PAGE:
Monitoring of pasteurization systems

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Pasteurize waste cows milk and colostrum
CalfStart understands the value of your
replacements and strives to assist you
optimizing their productivity through
monitoring, education and consultation in
the management of newborn calf nutrition
using whole pasteurized milk and colostrum systems.


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We all know feeding the right amount of good-quality colostrum as fast as possible is

critically important to the well-being of the calf not only for today, but for its lifetime as well. We also know it's one of the hardest tasks to manage. Despite our best intentions, breakdowns in colostrum management occur.

Following are some of the most common problem areas and suggestions for solving

them. Consult the Dairy Calf and Heifer Association Gold Standards for additional management tips.

Lack of process

  • Written set of steps of how colostrum will be fed
  • Measure serum total proteins on all or a subset of calves
  • Train/change to improve

Lack of training 

  • Don't assume workers will "figure it out" 
  • Document steps in a Standard Operating Procedure 
  • Use it - train with it 
  • Review it 
  • Manage it

IgG variation 

  • Colostrum supplements can add IgG to low IgG colostrum 
    • Fed with or in addition to maternal colostrum 
    • Fast, convenient 
  • Use colostrum from your colostrum bank 
    • Cheaper than supplements 
    • More time, labor 
  • Evaluate your dry cow program to look for ways to improve colostrum quality

Feeding enough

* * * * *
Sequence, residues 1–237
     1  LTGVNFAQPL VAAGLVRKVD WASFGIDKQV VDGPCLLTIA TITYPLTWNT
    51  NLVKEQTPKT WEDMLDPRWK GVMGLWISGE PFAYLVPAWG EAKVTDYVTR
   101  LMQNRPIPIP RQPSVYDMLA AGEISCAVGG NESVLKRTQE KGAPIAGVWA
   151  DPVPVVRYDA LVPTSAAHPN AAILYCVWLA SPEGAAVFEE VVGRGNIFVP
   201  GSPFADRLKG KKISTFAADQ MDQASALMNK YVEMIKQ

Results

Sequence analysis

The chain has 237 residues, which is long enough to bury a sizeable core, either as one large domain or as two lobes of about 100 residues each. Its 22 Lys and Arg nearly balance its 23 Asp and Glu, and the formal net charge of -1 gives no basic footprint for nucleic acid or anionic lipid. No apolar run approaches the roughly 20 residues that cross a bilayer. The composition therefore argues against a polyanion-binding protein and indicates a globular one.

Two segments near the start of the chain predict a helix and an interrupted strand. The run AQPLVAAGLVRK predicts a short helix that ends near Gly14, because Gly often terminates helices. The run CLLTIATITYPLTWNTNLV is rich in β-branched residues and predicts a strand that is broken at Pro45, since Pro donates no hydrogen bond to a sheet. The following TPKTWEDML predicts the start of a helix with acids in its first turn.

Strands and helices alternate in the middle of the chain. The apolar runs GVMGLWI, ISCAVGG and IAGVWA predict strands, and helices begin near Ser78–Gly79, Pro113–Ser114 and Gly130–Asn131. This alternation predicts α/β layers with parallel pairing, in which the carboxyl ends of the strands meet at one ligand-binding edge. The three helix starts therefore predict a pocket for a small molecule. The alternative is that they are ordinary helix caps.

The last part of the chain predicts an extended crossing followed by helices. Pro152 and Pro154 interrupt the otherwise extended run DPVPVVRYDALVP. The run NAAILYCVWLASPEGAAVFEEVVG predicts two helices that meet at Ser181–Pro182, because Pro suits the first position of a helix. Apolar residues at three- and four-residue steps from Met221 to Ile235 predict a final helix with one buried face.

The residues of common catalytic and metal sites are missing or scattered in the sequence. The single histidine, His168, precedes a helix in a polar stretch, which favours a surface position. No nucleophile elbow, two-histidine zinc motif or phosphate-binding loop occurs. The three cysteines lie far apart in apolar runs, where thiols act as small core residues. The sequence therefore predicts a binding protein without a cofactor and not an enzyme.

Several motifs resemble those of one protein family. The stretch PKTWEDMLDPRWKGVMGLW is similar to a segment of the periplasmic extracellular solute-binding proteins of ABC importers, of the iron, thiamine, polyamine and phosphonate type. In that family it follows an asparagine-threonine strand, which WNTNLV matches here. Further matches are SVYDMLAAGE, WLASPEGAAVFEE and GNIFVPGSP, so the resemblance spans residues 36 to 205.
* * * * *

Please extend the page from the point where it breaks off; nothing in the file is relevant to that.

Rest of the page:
• Calves should consume 150-200 g of IgG in the first 24 hours to achieve about 10 g/L of IgG 
  • Green: 50 g/L x 4 L = 200 g 
  • Yellow: 25 g/L x 4 L = 100 g - need to supplement 
  • Red: 15 g/L x 4 L = 60 g - need to supplement or replace

Nutrient variation

  • "Yellow or red" colostrum on colostrometer will generally be low in nutrients also
  • Colostrum supplements can increase nutrient content
  • Or, use colostrum from colostrum bank

Bacterial contamination

  • Feed, fridge or freeze
    • Do it fast
    • Quick chill large quantities
  • Pasteurize
    • Reduce bacterial counts
    • Follow protocol to ensure IgG retained
  • Replace
    • Cost effective if colostrum is contaminated / unavailable
    • Late nights, heifers, poor colostrum quality
    • 100+ g/IgG per dose

 

Calf's ability to absorb IgG

  • Dry cows matter! 
    • Proper nutrition (vitamins/minerals) 
    • Minimize stress
  • Calving ease
  • Calving difficulties
  • Measure total protein to identify problem calves

Source: Dairy Calf and Heifer Association

Posted in: Nutrition
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